In today’s schools, flexibility is key to serving an ever-changing array of student and instructor needs. Here are some of the trends our K-12 team is seeing, and implementing, in educational facilities.
Q: What are some of the materials/features supporting flex spaces that are popular with schools these days?
CHAD RETTKE, CONSTRUCTION EXECUTIVE: The majority of flexible teaching spaces incorporate some type of glass walls. Some are fixed, and some are operable. The openness allows for better supervision and sight lines from other teaching areas.
Q: How are schools providing classroom environments that support collaborative work as well as independent study? What are you seeing?
RETTKE: With the move towards more individualized learning, there is a need for more flexible and different sizes of rooms. As these spaces are built, this allows for different size groups to work together efficiently.
Encouraging Leadership and Individualized Learning Experiences
TONY SJOLANDER, DIRECTOR OF PROJECT PLANNING AND DEVELOPMENT: We’re regularly seeing more spaces that promote collaboration among students in learning spaces outside of traditional classrooms. The idea is to provide a variety of types and sizes of space for students to work in teams as is done in the real-world job environment or for those students who understand or “get it” when it comes to subject matter fundamentals to reinforce their own learning, by helping their peers who may not fully understand a lesson, concept, etc.
This interaction also promotes leadership, group or one-on-one communications skills, and often occurs outside the classroom in spaces called learning commons. Here, students “chill” in furniture such as counter-height stools higher than traditional tables or desks or in restaurant-style booths, etc. The idea is to help students relax and feel comfortable so they can become engaged and learn.
Since we all have different environments in which we learn best (small group, learning by doing, or project-based learning, one on one, etc.), the idea is to provide spaces and situations for students to individualize their learning experience. As time goes on and a new group of students, teachers or teaching methodologies are required, full floor to ceiling height movable walls that reduce noise can accommodate these requirements.
Q: Back in the day, a school multipurpose room was a gymnasium that also served as a cafeteria or an assembly room. What sorts of multi-use rooms are we building today?
RETTKE: I think that the most common multipurpose rooms that we see today are trade skills rooms and “Design and Build” spaces. Trade skill rooms will typically have an instructional component to them, but also have spaces that can be used for wood, mechanics, metals, etc. Design and Build spaces are similar in that they have an instruction component, but also allow for fabrication areas.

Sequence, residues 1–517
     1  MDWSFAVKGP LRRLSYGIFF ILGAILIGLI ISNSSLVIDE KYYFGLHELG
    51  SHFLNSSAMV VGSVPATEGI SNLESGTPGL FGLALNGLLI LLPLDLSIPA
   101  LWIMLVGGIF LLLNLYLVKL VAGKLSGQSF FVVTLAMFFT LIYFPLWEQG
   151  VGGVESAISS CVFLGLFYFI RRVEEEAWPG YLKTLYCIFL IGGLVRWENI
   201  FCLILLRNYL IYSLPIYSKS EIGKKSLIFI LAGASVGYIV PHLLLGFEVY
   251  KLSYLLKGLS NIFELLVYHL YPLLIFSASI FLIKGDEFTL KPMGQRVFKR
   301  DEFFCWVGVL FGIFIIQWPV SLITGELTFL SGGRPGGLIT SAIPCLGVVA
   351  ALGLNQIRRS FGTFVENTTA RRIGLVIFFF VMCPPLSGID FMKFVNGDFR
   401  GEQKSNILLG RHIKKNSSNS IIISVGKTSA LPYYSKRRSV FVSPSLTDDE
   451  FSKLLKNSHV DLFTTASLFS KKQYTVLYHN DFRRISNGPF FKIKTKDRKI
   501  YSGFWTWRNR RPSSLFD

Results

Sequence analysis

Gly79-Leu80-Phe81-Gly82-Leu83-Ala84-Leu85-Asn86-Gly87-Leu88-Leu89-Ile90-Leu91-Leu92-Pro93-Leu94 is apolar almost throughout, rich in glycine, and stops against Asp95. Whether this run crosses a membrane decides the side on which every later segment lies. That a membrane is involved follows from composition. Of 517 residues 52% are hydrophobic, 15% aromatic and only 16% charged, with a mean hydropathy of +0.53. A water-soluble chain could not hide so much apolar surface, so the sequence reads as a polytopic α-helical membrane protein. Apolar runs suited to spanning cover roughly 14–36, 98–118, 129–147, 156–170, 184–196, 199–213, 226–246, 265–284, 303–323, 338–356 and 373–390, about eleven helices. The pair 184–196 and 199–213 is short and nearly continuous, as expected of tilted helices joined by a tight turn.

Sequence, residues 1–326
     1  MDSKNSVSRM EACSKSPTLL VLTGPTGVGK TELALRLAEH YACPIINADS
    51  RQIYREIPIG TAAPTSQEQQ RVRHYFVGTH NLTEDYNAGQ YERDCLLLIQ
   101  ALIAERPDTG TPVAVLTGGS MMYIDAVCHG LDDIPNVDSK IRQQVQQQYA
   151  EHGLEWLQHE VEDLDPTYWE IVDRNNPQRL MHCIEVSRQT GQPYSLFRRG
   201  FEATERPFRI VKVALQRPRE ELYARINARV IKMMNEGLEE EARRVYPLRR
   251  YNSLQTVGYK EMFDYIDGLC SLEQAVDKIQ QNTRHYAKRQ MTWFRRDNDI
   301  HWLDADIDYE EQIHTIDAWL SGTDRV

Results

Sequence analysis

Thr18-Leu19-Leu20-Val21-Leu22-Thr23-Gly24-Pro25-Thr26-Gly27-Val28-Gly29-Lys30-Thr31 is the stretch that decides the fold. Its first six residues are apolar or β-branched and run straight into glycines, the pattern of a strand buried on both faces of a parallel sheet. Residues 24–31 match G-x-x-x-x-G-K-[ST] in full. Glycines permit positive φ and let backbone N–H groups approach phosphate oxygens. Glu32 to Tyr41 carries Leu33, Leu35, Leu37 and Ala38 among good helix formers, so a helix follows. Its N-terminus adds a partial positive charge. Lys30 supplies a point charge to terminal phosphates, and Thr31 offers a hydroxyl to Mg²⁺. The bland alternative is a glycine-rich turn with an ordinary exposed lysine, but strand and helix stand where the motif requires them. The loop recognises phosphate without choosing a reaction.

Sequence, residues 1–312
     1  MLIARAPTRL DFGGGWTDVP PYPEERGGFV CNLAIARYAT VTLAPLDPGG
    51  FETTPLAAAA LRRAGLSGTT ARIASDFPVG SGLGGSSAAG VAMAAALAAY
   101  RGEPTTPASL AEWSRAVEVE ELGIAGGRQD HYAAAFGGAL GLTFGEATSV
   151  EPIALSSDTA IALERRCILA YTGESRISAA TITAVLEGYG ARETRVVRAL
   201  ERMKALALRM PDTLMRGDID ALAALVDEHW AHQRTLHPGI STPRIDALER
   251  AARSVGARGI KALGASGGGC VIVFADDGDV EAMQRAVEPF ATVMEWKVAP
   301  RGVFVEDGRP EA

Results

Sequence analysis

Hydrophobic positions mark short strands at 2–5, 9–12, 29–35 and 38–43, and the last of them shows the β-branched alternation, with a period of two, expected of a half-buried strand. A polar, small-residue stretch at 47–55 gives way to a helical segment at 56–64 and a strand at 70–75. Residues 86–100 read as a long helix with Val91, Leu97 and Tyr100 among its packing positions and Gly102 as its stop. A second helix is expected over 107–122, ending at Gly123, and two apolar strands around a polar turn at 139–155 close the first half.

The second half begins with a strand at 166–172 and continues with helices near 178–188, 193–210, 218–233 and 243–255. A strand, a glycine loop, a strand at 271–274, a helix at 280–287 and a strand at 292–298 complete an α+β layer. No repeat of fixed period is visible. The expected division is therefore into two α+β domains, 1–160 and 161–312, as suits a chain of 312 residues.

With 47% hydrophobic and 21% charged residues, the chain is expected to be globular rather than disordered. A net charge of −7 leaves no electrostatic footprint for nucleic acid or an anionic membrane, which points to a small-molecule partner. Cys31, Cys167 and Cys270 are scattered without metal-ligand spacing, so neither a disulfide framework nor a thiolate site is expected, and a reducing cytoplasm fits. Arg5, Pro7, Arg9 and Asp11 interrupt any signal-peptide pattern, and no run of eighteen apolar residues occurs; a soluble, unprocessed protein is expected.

Q: What are some of the other more novel rooms or approaches to casual collaborative areas you’ve seen?
RETTKE: I believe that the trend is providing many different types of spaces for different learning. Spaces in today’s schools do not have to be defined by four walls and a door, but rather with grouping of furniture. This doesn’t mean the open concepts of the 70s, but just different sized spaces.
Q: While we’re talking about the popularity of “open” and “flexible” spaces, we’ve also been asked in some cases to come into schools and add some walls to previously open environments. What drives some of those decisions?
RETTKE: Some of these decisions are based on security, while some are noise, and some are changing use. Whatever the reason, I think that the main driver is the change in how students are taught today. It is not the same as 20 years ago, and the spaces need to change to better suit the change in teaching. Remember that open and flexible are not the same thing. You can have open and not flexible, or flexible and not open. The key is to find the right balance with walls, glass, and furniture that support the teaching, and not detract from it, whatever the grade level may be.
The Ultimate Classroom Without Walls
Q: Some classrooms don’t even have walls at all. What are some of the highlights of the Outdoor classroom at Washburn Elementary School?
KEN FRANCOIS, PROJECT MANAGER: We have been working with the Bloomington School District on numerous projects since 2013, and Washburn Elementary School wanted to repurpose an underutilized courtyard area into an outdoor classroom. We worked with the district, USGBC Minnesota and a number of partners and volunteers to create the space, which includes a patio paver teaching circle, tiered concrete benches, a pergola, bird houses, and flower and vegetable gardens. The outdoor learning environment gives students a chance to connect with nature, which decreases stress and engages their imagination and creativity. The opportunity to plant and tend gardens helps drive problem solving and teamwork.
Q: What’s on the horizon for flexible classrooms and open school environments?
RETTKE: I believe that school teaching will be continually evolving, and with that will come changes in spaces. The key would be to build a building shell and envelope that can stand the test of time, but allow changes as needed on the inside to adapt to changes in teaching.
In other words, buildings learn, too.
This information is courtesy of Kraus-Anderson, www.krausanderson.com. Grounded in Midwestern ingenuity, Kraus-Anderson is a hardworking, integrated team of construction management and real estate development professionals dedicated to strengthening the communities they serve.